Women We Love 2022: Jessica Esquivel

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Jessica Esquivel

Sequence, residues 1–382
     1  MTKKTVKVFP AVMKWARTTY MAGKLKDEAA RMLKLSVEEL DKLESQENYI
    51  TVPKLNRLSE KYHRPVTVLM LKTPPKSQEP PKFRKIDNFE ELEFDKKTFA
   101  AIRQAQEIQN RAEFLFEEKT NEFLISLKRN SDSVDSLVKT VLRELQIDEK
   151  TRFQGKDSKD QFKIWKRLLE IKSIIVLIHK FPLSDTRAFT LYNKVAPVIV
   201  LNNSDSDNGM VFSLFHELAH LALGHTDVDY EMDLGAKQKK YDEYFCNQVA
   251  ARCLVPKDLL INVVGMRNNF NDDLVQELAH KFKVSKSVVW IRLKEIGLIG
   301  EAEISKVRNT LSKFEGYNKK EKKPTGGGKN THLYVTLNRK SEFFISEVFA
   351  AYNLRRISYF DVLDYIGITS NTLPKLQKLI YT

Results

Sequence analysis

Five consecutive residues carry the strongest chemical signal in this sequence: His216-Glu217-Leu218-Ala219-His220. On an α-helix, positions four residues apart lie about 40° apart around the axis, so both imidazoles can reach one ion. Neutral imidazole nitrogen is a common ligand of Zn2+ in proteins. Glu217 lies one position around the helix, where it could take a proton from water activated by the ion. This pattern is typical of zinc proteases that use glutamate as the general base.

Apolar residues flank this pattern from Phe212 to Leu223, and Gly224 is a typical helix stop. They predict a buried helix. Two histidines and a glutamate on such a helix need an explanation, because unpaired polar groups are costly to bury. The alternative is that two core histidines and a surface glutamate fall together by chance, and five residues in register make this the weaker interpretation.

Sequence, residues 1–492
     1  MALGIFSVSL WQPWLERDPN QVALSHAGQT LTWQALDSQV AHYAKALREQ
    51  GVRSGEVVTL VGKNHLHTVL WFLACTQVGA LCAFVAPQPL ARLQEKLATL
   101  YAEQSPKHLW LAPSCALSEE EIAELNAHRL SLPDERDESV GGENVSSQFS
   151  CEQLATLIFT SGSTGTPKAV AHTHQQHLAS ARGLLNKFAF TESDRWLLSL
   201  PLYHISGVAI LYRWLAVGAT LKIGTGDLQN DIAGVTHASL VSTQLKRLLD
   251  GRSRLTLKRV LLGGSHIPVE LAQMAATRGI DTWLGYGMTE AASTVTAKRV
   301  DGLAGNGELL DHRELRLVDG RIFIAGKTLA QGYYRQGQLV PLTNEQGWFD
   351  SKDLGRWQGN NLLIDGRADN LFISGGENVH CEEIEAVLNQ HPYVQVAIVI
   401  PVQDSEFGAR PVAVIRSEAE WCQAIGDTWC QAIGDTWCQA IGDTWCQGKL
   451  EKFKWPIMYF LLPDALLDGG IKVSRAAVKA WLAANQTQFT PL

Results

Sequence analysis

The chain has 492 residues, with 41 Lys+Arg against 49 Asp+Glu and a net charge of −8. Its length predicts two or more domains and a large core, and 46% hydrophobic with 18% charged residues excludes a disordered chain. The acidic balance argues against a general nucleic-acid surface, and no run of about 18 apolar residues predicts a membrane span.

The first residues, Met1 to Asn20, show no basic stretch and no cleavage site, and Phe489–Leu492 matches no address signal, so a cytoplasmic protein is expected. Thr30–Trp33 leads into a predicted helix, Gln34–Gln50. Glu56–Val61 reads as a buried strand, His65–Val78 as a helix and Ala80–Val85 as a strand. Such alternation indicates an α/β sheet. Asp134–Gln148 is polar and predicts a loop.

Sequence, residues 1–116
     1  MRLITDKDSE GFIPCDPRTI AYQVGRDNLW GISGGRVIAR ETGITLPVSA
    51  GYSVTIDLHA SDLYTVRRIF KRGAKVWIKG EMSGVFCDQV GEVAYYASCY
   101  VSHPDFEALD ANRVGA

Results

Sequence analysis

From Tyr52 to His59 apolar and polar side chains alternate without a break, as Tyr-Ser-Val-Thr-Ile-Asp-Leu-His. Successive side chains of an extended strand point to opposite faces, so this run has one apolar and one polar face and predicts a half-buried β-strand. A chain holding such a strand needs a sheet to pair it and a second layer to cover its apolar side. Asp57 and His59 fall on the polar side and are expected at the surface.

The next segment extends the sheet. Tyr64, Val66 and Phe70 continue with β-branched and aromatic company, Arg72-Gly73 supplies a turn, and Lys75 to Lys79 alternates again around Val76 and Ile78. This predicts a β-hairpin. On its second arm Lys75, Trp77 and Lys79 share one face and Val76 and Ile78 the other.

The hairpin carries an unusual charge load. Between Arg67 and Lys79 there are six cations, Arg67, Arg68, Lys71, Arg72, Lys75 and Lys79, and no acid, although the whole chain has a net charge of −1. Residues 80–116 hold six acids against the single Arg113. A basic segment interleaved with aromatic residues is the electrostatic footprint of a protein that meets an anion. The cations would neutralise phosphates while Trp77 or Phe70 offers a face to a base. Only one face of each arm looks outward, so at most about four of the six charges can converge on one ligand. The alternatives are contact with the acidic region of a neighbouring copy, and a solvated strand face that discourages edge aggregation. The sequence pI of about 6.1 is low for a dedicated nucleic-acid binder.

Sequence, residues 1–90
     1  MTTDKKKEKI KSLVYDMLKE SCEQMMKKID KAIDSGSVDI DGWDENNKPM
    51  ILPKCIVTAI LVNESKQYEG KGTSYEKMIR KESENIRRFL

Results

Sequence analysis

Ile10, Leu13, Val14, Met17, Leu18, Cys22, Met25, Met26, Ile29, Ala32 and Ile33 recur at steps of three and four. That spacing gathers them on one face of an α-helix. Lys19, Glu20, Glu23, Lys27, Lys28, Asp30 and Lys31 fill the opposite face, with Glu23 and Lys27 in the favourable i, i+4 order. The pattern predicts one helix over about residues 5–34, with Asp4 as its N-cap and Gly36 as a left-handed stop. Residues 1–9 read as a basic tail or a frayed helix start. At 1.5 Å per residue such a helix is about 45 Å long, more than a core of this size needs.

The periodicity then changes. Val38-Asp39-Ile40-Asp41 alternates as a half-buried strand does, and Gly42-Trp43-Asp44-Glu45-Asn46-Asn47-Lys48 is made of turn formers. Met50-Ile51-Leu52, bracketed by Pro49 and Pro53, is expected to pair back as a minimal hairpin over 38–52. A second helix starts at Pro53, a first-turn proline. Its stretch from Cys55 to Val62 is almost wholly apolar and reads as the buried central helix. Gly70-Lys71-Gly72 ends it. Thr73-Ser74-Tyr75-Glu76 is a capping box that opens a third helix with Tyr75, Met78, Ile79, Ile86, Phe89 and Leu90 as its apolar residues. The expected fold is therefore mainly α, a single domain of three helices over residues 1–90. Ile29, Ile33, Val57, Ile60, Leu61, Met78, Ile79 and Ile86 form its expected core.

Dr. Jessica Esquivel has always been drawn to science. As a young girl, she spent hours watching the Sci-Fi Channel with her aunt. She was then inspired to make a career out of her passion after watching Jodie Foster’s character (an astrophysicist) in the film Contact. “Seeing a woman scientist taking charge, leading research, it was fascinating” she tells GO. “I started walking around saying, ‘I’m gonna be an astrophysicist when I grow up!’” Esquivel’s youthful declaration was pretty close to prophetic. Today she is a particle physicist working as an Associate Scientist at Fermilab. She is one of fewer than 100 Black women in the U.S. who have a PhD in Physics. Working in a field historically dominated by white men, Esquivel—an Afro-Latinx neurodivergent lesbian—has dealt with adversity and setbacks just by being vocal and unapologetically true to herself. Her journey into a science, technology, engineering, and math (STEM) career is demonstrative of how important representation is. “That’s one of the main reasons why I was drawn to challenge the idea of who a scientist is, what we look like, and what our jobs consist of,” says Esquivel. She advocates for creating equitable spaces in physics and focuses on the intersections of race, gender, and sexuality in her community engagement efforts. “It’s important to me that young Black and Brown girls see the representation of scientists that look like them so that they can envision themselves studying the secrets of the universe.” –LC

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